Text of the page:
What We’re Following: Remembering the Dead in Lahore
Friends and relatives mourned the victims of a bomb blast that tore through a public park in the eastern Pakistani city yesterday. The park was crowded with families celebrating the Easter holiday, and the explosion left at least 70 people dead and more than 300 wounded. A faction of the Pakistani Taliban claimed responsibility for the attack, and Pakistani government officials have vowed to bring the perpetrators to justice.
Recapturing Palmyra: Officials prepared to survey the damage in Palmyra a day after Russian-backed Syrian government forces regained control of the historic Syrian city, which was under a months-long siege by the Islamic State. ISIS militants had destroyed centuries-old temples and shrines there, citing the rejection of idol worship to justify their actions. Syria’s antiquities chief said several thousand archeologists and historians will work to determine whether any sites can be restored.
Abandoning a Legal Battle: The U.S. government dropped its case against Apple, saying it doesn’t need the tech company’s help to access the data on the iPhone used by the San Bernardino shooter last year. Turns out the feds were able get in with the help of an unnamed third party. Apple has argued that cooperating with law enforcement would put smartphone users at increased risk of snooping from hackers and the government, while the FBI contended that accessing the device would be in the interest of national security.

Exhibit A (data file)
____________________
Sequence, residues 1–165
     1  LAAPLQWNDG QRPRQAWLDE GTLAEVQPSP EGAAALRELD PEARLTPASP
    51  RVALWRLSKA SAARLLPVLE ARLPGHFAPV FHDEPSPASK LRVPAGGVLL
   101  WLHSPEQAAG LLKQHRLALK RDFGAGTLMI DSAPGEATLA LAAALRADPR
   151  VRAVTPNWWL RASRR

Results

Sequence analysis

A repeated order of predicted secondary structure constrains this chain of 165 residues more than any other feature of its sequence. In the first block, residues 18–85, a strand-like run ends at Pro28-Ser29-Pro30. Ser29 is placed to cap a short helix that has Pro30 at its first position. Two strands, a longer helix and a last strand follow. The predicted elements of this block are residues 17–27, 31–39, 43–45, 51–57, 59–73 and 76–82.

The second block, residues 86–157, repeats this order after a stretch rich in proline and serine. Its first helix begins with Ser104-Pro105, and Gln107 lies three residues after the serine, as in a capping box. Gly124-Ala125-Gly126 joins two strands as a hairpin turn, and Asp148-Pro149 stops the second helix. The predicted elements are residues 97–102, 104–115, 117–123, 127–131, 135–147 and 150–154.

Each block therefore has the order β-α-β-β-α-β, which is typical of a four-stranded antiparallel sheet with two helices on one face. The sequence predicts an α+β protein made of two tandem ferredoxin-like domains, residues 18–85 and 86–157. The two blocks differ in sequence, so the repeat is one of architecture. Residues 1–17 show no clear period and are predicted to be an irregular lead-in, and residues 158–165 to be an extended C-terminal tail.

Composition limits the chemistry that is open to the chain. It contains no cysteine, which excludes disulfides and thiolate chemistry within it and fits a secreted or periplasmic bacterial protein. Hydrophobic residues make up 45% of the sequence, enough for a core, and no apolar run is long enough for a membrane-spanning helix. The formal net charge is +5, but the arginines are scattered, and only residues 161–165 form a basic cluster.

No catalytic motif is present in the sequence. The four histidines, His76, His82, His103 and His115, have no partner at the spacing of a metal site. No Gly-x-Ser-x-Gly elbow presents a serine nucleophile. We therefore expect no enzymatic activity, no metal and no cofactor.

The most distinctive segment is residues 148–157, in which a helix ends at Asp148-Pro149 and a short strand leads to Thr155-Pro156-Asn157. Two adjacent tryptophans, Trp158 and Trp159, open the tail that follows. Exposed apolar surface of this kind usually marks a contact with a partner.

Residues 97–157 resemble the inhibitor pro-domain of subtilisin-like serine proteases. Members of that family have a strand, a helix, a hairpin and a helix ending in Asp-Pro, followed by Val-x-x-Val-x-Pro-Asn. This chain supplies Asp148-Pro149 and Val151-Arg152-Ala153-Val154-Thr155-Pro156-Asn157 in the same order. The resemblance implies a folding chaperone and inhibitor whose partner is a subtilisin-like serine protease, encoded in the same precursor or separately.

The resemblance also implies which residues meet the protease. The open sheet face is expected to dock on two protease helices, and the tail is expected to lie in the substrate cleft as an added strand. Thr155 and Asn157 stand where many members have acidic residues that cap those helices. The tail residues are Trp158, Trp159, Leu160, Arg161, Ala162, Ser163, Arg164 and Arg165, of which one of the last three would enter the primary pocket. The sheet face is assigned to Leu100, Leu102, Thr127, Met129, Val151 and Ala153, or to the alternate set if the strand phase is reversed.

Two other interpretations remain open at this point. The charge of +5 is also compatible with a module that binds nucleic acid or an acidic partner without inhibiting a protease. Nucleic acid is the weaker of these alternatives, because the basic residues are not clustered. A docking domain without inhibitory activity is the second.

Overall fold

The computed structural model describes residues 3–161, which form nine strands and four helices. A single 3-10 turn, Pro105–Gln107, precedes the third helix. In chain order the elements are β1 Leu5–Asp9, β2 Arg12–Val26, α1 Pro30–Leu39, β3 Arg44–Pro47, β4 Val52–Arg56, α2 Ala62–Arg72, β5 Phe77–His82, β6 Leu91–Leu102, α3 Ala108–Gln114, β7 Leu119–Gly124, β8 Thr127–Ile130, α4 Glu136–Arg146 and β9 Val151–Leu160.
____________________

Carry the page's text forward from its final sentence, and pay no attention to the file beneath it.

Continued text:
“Having real choice is not the issue, humans don’t feel too strongly about that, but having the feeling that you have a choice makes a difference.” —Alan Kazdin, a child psychologist
“This [admissions] process, instead of being a wonderful exploration of the future and something that's exciting and dynamic and happy, is a burden, a thing to be feared, a thing to be endured.” —Rod Skinner, a college counselor at a New England prep school
“I drive a Honda Odyssey minivan, man. If you’re coming after me at midnight and following me … someone else is getting away.” —musician Ben Harper, who is black, on being followed by police
Christopher Moyer on how Google’s AlphaGo computer beat a world-champion Go player:
It’s curious that when someone is really good at something, we call them a “machine.” Lee Sedol is a Go-playing machine, enlisted to beat, well, a Go-playing machine.
Lee is not a machine, of course. He is a particularly young-looking 33-year-old. He is a man who gets up and eats breakfast, takes naps, feels embarrassed, gets nervous. Within the Go world, however, nobody is scarier than Lee, who plays with an unnerving confidence. He creates situations that should end in disaster and then—effortlessly to the observer—turns them on their heads, like a magic trick, steamrolling his opponents. …
Other Korean professionals joke that they’re envious of Lee, that they feel the DeepMind Challenge Match is the easiest million dollars a top-level player could ever make.
I feel like if I leave the church, I loose one half of myself, and I will lose one half of myself if I stay and don’t live a life filled with a wonderful relationship with a man I love. Either way I lose.
So as of yet, I’m stuck in the middle, trying to decide, “What do I want to lose?” Many LGBT Mormons feel the same way. I have very personal experiences that have caused me to believe many of the teachings of the church. Many things that I believe are so deep and personal they are at the core of my being, things that I cannot deny. And then I have the very deep and personal feelings of being attracted to men … something that is a core to my being and that I cannot, nor want to, deny.